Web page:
The Narcissist In All of Us
Narcissus was a mythological hunter known for his beauty. He was attracted to beautiful things and others were attracted to him. But he rejected his admirers and treated them with such disrespect, some crumbled under the weight of rejection and took their own lives. Narcissus was eventually destroyed when he fell in love with his reflection in a pool of water and short-circuited because he was unable to love himself as much as he loved himself.
We derive the term “Narcissistic” from Narcissus. Psychology Today identifies the hallmarks of a Narcissistic Personality Disorder as “grandiosity, a lack of empathy for other people, and a need for admiration. People with this condition are frequently described as arrogant, self-centered, manipulative, and demanding.”
The Narcissists I have encountered see themselves as uniquely brilliant, creative and justified in any behavior they choose. They blame others for their imperfections and demean anyone who doesn’t see the world as they do. They make promises they don’t keep, make excuses for the harm they cause others and feel a need to draw attention to themselves when they fear someone else is in the limelight.
I will be honest. I have trouble with Narcissists. I don’t mind walking with sinners, since I am one as well, and I realize we are all in need of God’s grace. But people who disrespect others, and especially those who have loved and sacrificed for them, are outside of the realm of my comprehension.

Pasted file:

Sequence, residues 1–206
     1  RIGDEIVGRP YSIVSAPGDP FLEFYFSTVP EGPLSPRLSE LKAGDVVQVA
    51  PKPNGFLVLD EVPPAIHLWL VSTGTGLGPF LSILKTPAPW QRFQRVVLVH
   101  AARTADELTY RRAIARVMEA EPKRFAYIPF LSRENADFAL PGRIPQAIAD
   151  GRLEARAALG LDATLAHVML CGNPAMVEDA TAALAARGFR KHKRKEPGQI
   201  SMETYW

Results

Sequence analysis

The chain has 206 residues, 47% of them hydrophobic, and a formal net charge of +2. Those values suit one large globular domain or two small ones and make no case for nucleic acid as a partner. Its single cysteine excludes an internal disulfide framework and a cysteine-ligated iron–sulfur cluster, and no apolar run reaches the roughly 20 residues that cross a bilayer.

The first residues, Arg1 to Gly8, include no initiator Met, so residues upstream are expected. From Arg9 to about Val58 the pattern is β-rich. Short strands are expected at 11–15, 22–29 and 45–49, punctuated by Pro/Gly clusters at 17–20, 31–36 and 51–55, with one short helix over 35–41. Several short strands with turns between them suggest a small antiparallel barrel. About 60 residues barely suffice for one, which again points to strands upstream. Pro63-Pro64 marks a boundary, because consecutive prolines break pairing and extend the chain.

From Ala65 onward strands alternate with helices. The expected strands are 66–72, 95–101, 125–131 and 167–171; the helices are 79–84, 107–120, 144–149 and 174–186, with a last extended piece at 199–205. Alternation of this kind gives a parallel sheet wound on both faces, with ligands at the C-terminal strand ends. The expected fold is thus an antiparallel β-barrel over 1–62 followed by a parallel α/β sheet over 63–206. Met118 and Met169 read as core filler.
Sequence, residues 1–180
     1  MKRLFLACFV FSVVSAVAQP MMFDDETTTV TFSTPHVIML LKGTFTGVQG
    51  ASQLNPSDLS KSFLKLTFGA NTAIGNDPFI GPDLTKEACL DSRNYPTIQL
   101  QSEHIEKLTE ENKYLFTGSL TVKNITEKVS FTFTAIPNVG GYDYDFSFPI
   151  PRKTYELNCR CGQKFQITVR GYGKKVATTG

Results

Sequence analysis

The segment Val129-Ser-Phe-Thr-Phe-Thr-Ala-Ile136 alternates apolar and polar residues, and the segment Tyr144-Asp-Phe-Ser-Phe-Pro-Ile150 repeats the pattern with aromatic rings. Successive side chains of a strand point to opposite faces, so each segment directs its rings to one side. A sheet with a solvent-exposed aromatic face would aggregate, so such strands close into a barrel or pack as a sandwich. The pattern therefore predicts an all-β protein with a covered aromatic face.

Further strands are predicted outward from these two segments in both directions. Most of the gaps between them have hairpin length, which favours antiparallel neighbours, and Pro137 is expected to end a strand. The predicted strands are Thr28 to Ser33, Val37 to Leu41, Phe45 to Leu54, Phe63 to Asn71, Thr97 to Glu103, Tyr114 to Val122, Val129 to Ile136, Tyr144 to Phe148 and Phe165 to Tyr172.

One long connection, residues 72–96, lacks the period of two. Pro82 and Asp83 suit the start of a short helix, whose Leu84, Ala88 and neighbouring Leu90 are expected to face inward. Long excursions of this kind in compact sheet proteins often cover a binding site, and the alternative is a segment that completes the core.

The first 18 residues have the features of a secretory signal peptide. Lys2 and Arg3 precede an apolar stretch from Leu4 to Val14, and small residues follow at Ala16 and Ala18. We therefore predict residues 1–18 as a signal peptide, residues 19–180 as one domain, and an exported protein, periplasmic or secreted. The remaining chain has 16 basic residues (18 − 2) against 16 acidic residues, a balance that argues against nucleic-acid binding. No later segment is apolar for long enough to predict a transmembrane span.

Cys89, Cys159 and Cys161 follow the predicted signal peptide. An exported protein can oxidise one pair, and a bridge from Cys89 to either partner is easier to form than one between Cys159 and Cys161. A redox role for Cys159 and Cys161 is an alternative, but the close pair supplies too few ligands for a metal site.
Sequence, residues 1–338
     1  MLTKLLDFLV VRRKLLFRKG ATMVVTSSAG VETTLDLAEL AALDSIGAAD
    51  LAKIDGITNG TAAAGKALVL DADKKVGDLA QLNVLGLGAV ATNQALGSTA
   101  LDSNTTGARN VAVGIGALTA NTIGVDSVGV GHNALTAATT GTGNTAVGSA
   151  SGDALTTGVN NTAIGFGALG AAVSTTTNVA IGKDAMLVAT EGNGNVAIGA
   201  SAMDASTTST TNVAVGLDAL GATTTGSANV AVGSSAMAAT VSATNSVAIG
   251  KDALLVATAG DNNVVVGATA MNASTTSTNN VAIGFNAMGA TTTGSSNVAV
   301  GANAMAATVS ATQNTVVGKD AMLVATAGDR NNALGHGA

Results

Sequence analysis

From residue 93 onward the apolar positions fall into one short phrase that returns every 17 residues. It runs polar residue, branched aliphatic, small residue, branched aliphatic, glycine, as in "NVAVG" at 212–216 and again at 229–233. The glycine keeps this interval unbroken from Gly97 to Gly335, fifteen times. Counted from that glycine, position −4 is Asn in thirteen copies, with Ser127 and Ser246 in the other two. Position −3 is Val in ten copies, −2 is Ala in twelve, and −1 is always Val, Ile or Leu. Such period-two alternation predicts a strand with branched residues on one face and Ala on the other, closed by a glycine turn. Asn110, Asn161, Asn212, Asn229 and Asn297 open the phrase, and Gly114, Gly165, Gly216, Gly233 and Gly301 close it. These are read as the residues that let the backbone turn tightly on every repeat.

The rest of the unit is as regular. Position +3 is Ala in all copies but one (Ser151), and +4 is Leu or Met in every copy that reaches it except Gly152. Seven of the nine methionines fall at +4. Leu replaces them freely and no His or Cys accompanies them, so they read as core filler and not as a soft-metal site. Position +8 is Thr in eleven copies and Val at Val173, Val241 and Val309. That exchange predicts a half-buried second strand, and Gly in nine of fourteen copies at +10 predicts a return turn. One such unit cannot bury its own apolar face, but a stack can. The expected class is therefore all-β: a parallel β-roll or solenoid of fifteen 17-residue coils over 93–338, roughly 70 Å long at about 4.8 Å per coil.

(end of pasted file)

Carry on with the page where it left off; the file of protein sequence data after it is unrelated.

Which, ironically, is likely how they view me. As one unable to fully comprehend their near perfection.
Why am I picking on the Narcissist? Because there is a little bit of him in all of us. Our fallen human nature draws us toward self-centeredness and our culture reinforces our behavior.
How do we counter this unseemly trait?
Thankful people are forever mindful of the people who have contributed to their success. They never presume they have “made it on their own”, and they are not intoxicated by independence. Thankful people remember they were created by a good God and they feel a sense of accountability for the life He has given them. They show sorrow when they sin. Sympathy when others are hurting. Appreciation with others are generous.
Thankful people don’t make excuses for their behavior. They see themselves as stewards of time, talent and opportunity, and they seek to improve themselves so they can bless others.
By the way, just because I have trouble with Narcissists doesn’t mean I don’t love them. I hurt for whatever pain they must be harboring that leads them to act the way they do. I am saddened by the relationships they destroy and the sorrow they bring into the lives of those who care about them.
I propose the time we spend in thanksgiving is one way to avoid hints of Narcissism in our lives. Thanksgiving Day is an opportunity to teach our loved ones they have been blessed to be a blessing, and to remind them they must be eternally grateful to the Giver of all things.
Let Thanksgiving Day be a time when we step back from our self-crazed culture and regain our perspective. A time to care for others. A time to put others first.
Remember the Apostle John’s words, “We love because He first loved us” (1 John 4:19).
I am forever thankful He did.